It is thus an object of the invention to provide a digitally frequency modulated phase locked loop with good square wave response and optimal settling time.

Another object of the invention is to provide an analog frequency modulated phase locked loop with good response and optimal settling time.

A further object of the invention is to provide a phase locked loop with two different time constants, one of which determines the square wave response thereof and the other of which determines the loop settling time, and wherein each of these time constants is optimized for digital square wave modulation of said loop and for short settling time.

These and other objects and advantages of the invention will become apparent from the following detailed description and the drawings.


FIG. 1 is a block diagram of a conventional prior art phase locked loop.

FIG. 2 shows the modulation response of phase locked loops with different time constants in the loop filters thereof.

FIG. 3 is a diagram of the novel digitally modulated phase locked loop of the present invention.


As illustrated in FIG. 1, a phase locked loop may comprise a voltage controlled oscillator (VCO), 5, with a portion of the VCO output divided by N in a frequency divider 7 and the divided output thereof, fv, forming one input of phase detector 11. The other input of the phase detector is the reference frequency signal fR. The phase detector output is applied to low pass filter 9 which applies the dc component of the phase detector output to the control input of VCO 5 to adjust the frequency and phase thereof so that the feedback loop is in balance. At balance, the VCO frequency will be N times fR.

The phase detector will provide a linear output voltage proportional to the phase difference between its input provided these inputs remain within 2π radians of each other. Thus such a phase locked loop can be frequency modulated if the modulation does not result in phase differences exceeding the aforementioned limit. The phase change in radians, θ, is equal to the quotient of the frequency deviation, fD, and the modulating frequency, fm. This means that at the modulating frequency goes to zero, the frequency deviation also goes to zero. As a result to this, a typical modulation curve looks like curve "a" of FIG. 2. The curves of FIG. 2 represent the modulating frequency vs. the frequency deviation. A modulation characteristic such as that of "a" poses a problem when the phase locked loop is digitally frequency modulated in that the response drops off at low modulating frequencies. This response can be modified by changing the time constant of the loop filter 9 to provide lower loop damping which will result in an over-shoot at the low end of the frequency response curve. Such a controlled over-shoot is represented by curve "b" of FIG. 2.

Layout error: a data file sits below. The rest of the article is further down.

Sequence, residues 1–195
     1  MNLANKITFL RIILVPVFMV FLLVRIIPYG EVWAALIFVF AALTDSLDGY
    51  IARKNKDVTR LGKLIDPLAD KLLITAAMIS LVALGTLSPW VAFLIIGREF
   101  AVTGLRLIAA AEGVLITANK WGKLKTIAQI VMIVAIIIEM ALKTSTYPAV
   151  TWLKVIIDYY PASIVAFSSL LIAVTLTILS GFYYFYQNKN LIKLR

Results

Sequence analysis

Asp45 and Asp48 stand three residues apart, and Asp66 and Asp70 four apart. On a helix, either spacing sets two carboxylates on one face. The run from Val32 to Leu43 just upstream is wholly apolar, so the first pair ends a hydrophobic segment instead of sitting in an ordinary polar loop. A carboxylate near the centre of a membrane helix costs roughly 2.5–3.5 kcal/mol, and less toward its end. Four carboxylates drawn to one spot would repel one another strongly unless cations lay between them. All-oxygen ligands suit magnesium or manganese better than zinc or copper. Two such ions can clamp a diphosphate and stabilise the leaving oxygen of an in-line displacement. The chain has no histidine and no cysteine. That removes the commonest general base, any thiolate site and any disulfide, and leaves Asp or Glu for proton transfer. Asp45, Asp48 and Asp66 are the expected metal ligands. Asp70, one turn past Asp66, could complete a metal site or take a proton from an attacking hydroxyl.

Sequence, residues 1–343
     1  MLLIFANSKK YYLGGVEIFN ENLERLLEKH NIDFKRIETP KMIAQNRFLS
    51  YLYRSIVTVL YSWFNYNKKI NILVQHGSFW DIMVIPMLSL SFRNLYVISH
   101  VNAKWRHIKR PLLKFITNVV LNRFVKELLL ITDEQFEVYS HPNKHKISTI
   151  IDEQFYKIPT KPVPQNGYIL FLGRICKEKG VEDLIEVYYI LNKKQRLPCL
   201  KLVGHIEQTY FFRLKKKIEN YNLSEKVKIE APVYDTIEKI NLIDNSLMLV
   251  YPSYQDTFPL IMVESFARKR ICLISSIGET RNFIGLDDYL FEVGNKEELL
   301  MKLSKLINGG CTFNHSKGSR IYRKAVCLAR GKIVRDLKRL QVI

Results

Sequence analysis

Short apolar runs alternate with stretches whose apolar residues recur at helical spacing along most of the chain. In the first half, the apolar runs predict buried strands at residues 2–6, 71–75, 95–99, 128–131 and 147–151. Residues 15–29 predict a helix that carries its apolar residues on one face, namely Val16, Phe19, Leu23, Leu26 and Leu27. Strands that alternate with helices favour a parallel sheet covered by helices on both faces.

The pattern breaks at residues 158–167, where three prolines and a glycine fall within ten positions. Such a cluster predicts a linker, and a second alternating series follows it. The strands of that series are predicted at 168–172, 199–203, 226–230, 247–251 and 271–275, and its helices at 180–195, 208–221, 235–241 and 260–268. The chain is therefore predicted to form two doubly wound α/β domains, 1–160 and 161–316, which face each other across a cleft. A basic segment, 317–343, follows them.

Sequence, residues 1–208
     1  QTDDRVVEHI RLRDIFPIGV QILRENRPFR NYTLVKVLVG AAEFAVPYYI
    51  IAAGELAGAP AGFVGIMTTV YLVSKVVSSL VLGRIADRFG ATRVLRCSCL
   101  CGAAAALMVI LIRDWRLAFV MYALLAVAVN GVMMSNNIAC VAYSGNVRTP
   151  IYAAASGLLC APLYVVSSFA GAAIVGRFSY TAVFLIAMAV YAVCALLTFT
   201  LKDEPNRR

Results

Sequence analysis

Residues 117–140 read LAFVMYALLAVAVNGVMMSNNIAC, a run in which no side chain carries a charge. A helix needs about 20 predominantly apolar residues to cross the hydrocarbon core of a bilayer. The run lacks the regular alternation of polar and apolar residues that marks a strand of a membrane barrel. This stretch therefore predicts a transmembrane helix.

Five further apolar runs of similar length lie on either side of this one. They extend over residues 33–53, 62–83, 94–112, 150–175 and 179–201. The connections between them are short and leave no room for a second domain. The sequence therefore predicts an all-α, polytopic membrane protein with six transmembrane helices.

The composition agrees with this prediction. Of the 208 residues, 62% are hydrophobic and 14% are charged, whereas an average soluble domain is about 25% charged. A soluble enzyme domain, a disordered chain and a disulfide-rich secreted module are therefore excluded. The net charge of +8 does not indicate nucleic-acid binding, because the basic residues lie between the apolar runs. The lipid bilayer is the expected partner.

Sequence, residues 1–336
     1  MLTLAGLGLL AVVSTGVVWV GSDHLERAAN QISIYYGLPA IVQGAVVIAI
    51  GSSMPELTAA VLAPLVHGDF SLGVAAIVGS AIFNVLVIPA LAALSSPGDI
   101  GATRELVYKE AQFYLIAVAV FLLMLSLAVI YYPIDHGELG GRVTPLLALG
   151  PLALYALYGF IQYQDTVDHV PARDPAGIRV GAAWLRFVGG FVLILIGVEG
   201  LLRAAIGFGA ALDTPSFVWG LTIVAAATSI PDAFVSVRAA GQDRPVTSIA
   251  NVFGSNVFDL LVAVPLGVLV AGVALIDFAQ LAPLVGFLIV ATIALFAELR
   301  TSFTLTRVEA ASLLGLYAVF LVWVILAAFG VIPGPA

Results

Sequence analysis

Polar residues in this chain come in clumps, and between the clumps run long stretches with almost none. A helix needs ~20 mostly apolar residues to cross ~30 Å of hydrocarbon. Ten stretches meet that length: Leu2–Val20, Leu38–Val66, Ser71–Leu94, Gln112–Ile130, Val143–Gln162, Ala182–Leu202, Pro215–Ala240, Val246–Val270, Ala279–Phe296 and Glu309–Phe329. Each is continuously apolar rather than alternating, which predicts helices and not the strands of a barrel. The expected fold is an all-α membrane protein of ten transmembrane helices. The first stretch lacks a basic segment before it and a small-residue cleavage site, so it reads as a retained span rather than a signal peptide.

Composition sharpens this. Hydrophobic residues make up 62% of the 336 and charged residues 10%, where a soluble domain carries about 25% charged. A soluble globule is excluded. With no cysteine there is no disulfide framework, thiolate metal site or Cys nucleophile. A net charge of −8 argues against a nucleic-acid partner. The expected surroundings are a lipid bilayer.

An undesired side effect of providing the low damping factor required to improve the modulation response curve is that the settling time will necessarily be increased as the loop damping is decreased. This increased settling time means that the phase locked loop requires excessive time to come to balance after the circuitry is switched on preparatory to sending a message.